Keep up to date with the latest blog updates weekly
Speech at Pace/MacGill Gallery
Speech at Pace/MacGill Gallery
Americans are entering an era where the potential for media blackouts, a surge in protests in the streets, and tenuous relations between the oval office and the press will test the strength of the United States Constitution’s 1st Amendment. A timely exhibition, Speech, addresses this issue by taking a critical look back at the imaging of free speech through both a documentary and artistic lens.
Joann Verburg, Terrorized, 2006
Both color and black and white photographs are elegantly installed in groups that include a variety of image sizes hung at different heights on the gallery’s walls. The effect gives the work a sense of movement and energy, perhaps helping viewers to connect current political fervor with that of the past. A more direct link is made to the current climate via an installation in the gallery space of a group of protest signs strewn across the gallery floor. They address women’s reproductive rights, education, the 2016 presidential election, and calls to resist.
Garry Winogrand, Muhammad Ali-Oscar Bonavena Press Conference, New York, 1970
Several renowned photographers are included in the exhibition, including Robert Frank, Diane Arbus, Richard Avedon, and Lee Friedlander. In an image by Garry Winogrand, a portrait of the legendary, Muhammad Ali, captures an American hero who triumphantly used his right to free speech. Standing in the top left of the frame in a white bathrobe, Ali commands a bevy of reporters clearly amused and eager to capture his dynamic wordplay. Winogrand’s composition in the image expertly illustrates the powerful position Ali held in popular culture at the height of his career. Ali’s white robe shines above the dark colored business attire of the press who appear to adoringly kneel before him as they cascade across the frame.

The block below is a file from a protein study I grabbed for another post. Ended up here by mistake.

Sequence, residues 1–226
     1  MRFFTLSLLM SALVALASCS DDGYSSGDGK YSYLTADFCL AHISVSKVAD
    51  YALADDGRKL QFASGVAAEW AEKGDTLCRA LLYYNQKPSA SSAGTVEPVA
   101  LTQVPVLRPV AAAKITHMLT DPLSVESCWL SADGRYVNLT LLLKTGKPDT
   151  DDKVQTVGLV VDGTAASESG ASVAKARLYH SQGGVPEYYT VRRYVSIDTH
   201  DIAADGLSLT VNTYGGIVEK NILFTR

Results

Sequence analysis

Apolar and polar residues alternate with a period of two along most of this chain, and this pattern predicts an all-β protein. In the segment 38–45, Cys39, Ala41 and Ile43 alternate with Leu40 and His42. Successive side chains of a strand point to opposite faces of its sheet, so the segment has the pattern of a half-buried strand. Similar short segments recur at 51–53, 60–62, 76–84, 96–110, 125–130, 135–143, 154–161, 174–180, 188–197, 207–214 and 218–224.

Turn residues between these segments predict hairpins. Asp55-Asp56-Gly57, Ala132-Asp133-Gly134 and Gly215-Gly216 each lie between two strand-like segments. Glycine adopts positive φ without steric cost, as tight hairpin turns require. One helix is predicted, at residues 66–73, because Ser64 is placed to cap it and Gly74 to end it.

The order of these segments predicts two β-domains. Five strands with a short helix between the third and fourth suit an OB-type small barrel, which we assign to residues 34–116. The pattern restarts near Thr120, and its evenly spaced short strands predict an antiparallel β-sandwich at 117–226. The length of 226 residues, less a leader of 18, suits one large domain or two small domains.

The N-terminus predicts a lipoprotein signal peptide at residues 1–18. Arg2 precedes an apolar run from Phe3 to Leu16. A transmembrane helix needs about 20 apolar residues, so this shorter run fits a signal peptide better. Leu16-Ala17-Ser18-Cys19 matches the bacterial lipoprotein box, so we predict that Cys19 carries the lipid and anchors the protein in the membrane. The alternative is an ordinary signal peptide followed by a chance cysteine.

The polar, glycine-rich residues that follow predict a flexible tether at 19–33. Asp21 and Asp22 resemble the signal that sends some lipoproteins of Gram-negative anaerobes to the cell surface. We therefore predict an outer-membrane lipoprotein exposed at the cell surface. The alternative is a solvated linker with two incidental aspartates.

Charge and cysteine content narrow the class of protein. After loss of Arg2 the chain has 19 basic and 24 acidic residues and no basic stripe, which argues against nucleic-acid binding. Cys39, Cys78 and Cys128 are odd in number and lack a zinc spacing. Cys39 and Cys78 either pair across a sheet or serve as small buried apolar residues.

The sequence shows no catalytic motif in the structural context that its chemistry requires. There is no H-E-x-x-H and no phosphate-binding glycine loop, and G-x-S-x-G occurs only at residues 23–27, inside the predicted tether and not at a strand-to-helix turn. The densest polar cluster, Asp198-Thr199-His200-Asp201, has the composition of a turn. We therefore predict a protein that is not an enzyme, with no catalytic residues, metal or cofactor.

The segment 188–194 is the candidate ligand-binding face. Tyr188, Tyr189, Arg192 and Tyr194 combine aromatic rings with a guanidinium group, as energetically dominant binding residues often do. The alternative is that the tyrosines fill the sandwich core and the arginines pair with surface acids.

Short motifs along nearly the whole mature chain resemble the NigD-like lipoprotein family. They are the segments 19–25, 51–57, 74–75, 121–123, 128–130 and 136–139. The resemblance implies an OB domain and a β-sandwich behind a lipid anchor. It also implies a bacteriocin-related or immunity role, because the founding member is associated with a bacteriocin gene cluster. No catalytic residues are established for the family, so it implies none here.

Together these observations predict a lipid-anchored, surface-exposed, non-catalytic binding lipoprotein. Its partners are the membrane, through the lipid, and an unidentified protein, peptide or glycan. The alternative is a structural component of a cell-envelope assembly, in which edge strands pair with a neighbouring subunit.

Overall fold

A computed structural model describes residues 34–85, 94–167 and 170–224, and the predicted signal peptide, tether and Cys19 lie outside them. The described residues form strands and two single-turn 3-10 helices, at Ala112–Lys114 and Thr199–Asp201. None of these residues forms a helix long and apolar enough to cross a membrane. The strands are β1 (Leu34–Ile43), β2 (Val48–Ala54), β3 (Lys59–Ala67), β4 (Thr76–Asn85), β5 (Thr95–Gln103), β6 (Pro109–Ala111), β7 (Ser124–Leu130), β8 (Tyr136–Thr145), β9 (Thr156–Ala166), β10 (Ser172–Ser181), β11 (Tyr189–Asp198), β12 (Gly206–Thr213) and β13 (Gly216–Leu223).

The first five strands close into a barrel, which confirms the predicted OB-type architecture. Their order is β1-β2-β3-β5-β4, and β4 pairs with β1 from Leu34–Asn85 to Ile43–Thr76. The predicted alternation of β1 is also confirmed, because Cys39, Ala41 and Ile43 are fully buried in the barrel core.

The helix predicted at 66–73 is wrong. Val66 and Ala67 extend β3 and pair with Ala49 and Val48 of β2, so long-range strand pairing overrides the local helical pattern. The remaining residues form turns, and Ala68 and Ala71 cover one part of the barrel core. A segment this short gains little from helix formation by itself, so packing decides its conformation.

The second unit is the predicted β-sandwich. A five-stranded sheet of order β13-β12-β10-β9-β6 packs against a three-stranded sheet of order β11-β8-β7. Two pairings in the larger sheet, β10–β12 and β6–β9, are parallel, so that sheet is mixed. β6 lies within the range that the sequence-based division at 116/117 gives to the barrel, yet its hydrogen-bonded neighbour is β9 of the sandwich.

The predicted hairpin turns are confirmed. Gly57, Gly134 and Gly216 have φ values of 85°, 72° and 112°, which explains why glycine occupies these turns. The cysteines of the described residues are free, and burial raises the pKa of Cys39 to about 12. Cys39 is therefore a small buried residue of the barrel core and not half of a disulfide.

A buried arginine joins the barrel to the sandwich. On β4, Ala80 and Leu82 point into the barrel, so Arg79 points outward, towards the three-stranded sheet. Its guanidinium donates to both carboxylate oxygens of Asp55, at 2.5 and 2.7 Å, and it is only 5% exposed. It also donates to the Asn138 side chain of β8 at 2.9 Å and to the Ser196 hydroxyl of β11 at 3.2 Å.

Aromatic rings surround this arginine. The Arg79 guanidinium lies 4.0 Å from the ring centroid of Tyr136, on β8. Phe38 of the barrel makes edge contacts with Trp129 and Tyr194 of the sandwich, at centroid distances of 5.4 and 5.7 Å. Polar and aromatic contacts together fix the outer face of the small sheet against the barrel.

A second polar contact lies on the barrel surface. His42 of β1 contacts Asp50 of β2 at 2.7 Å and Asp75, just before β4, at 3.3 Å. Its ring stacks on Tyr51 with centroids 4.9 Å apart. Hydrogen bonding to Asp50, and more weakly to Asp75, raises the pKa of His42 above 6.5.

Irving Penn, Carson McCullers, New York, 1950
A stunning black and white portrait by Irving Penn, shot in 1950, captures Carson McCullers, author of The Heart Is a Lonely Hunter, a novel that explores the spiritual isolation of misfits and outcasts in the southern United States. A pensive sadness pushes out of the image frame through the eyes, mouth and cropped head of McCullers. The interplay of the subject’s short black hair, black jacket with white embroidery, and white shirtsleeve creates a perfect frame for McCullers side lit face. Added touches that speak volumes in the frame are a cigarette and small metallic accents including a cufflink, a ring, and a cigarette holder.
Zhang Huan, 1/2 (Text), 1998
A self-portrait by Chinese artist Zhang Huan, 1/2 (Text), also presents a type of dislocation expressed through text. In the image the artist invited friends to write on his body with black ink. The text is unreadable for most western viewers who may only be able to read Huan as an Asian body. The work explores the limits of language and considers the body as a form of language, in lieu of the spoken or written word. Along with many other works in the exhibition, 1/2 (Text) gives viewers a chance to reflect on the depths, importance, joys, and complications of speech. Collectively the works bring contemporary, historical, abstract, conceptual, and literal representations of language together, reminding viewers that what and how someone says something, matters.
Speech at Pace/MacGill Gallery is on view through April 29, 2017.
32 East 57th Street, 9th floor, NY NY 10022